That realization comes more often as those of us of a certain age get older. When we were kids in the ’60s, there were four TV channels.
On those four channels, there was a thing called the variety show. You could hear some comedic and dramatic monologues, see some skits and production numbers, and hear Broadway songs, pop standards, pop hits and — after a while, grudgingly, it often seemed — rock music.
Folk music was part of that rich cultural stew, too. That’s where I must have heard Pete Seeger and his songs.
In a lifetime of listening to music, his songs are part of the foundation of everything I know. They’re some of the first songs I ever came to know as a grade-school kid in the ’60s. “This Land Is Your Land” was the most memorable. But I also came to know “If I Had A Hammer,” “Where Have All The Flowers Gone,” “Goodnight Irene,” “Rock Island Line” and “The Lion Sleeps Tonight.”
But as I grew up and my tastes changed, folk music just wasn’t my bag. John Prine and Steve Goodman were as close I got to folk. Pete Seeger was, and is, no less great, but I’ve long known more of his songs done as covers than as his originals. I don’t have any Pete Seeger records.
“This Land Is Your Land,” Peter, Paul and Mary, from “Moving,” 1963. Also available digitally.
My dad had this record, so we played it endlessly as kids. This song and “Puff,” one of the saddest songs I know, over and over.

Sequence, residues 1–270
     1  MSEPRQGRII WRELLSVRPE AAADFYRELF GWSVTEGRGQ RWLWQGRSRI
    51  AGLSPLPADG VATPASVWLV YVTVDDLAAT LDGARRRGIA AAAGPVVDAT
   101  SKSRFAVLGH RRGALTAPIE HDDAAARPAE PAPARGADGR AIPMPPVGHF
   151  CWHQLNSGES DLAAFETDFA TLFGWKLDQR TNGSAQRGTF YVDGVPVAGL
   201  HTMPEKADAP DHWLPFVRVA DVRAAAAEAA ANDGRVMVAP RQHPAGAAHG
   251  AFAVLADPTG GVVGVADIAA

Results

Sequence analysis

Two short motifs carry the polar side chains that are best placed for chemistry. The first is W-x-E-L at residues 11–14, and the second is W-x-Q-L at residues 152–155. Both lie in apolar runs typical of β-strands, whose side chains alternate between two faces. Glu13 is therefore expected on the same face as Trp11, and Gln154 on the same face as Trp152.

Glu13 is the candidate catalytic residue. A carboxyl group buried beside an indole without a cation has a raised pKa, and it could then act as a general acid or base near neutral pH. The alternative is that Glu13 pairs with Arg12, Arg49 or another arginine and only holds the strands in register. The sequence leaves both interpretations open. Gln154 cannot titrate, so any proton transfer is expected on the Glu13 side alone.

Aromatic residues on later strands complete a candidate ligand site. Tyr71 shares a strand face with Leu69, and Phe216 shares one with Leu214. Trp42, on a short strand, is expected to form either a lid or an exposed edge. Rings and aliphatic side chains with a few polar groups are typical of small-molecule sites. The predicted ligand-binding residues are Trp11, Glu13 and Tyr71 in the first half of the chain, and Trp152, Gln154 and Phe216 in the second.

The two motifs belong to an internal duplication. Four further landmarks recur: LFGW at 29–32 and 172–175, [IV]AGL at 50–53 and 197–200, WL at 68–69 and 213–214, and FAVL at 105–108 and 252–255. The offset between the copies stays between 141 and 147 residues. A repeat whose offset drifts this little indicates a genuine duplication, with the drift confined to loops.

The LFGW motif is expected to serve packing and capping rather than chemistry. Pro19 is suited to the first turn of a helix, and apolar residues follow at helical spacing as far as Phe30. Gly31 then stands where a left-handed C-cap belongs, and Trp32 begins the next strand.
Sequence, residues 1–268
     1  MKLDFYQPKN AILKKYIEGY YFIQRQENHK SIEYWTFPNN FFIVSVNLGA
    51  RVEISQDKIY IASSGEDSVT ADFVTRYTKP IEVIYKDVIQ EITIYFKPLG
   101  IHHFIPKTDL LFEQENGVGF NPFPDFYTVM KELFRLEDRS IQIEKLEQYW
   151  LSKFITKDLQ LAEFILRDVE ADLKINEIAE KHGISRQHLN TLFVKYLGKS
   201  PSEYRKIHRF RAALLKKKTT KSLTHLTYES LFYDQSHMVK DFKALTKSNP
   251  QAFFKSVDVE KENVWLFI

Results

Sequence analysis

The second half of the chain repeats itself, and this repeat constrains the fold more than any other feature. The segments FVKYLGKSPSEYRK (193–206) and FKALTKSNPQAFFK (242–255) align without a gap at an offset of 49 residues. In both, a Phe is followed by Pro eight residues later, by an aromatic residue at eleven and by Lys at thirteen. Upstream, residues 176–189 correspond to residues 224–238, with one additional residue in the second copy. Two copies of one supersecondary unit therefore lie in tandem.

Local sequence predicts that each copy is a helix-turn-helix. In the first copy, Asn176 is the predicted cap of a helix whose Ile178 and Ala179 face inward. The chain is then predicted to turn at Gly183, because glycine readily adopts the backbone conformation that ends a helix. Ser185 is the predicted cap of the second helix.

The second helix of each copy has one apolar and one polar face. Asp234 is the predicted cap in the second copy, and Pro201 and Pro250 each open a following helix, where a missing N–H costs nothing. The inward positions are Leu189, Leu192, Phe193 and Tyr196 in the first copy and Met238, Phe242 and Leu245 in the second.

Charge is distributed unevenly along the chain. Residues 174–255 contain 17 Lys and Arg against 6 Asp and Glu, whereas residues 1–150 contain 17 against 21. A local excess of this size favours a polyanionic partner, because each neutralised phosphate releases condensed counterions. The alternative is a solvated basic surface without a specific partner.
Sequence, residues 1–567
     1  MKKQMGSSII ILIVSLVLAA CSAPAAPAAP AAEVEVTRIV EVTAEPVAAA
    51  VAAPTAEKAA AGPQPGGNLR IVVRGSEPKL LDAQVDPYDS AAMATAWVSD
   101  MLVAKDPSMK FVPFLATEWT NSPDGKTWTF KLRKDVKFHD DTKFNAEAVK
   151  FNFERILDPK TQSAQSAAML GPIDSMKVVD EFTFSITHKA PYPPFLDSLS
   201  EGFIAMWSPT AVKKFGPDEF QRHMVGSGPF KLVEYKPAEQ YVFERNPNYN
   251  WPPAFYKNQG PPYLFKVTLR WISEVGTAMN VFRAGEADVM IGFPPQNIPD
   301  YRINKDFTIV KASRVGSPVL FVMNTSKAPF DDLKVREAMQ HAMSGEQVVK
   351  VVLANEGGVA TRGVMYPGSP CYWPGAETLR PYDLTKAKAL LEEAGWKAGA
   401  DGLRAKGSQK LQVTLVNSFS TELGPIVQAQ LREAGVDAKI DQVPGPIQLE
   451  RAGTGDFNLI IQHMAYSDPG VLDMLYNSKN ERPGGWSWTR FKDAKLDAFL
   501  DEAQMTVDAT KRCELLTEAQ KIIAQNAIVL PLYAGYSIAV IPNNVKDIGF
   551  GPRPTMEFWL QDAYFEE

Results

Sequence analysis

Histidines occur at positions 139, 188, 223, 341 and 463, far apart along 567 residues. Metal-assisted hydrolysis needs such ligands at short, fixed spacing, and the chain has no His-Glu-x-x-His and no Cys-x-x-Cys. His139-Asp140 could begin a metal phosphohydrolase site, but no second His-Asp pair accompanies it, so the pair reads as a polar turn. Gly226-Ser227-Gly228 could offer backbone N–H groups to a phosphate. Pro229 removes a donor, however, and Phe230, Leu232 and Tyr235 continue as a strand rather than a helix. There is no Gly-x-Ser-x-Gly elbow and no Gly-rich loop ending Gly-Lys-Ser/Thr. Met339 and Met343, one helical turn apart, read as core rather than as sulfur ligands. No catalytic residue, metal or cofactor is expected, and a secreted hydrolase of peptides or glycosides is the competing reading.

It’s snowing in our corner of Wisconsin today. It started about an hour ago and is starting to stick to the ground. There might be 5 or 6 inches on ground by the time the athletes walk out onto Lambeau Field tonight.
“Let It Snow,” Smokey Robinson and the Miracles, from “Christmas with the Miracles,” 1963. It’s out of print. Many of the tunes on this album, including this one, also are on “Our Very Best Christmas,” a 1999 CD release that also is out of print but is availabledigitally.
We rediscovered this vintage Christmas album in our collection a few years back. We’d forgotten that we had it.
This version of the familiar holiday song has a lot going for it. It’s the group’s original lineup, with Claudette Robinson singing the lead. After an elegant piano intro, this swings, driven by some Latin-flavored percussion.
If this song isn’t your cup of tea, it is short. This runs barely 1:40.
Your Christmas music requests in the comments, please.
“Christmas Wrapping,” the Waitresses, 1981, from “A Rock ‘n’ Roll Christmas,” 1994. It’s out of print. (NPR suggests finding it on the “Christmas Wrapping” EP. That also appears to be out of print, but the song is available digitally.) (KUT)
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About the music
These are mp3s from my collection, taken from vinyl whenever possible. Enjoy. All music presented here is shared under the premise of fair use. This blog is solely intended for the purpose of education, a place for me to tell stories and write about music and cultural history. If you are a rights holder to any of the music presented and wish for it to be removed, please email me directly and it will be taken down.
About the words
The text is copyright 2007-2023, Jeff Ash. Text from other sources, when excerpted, is credited.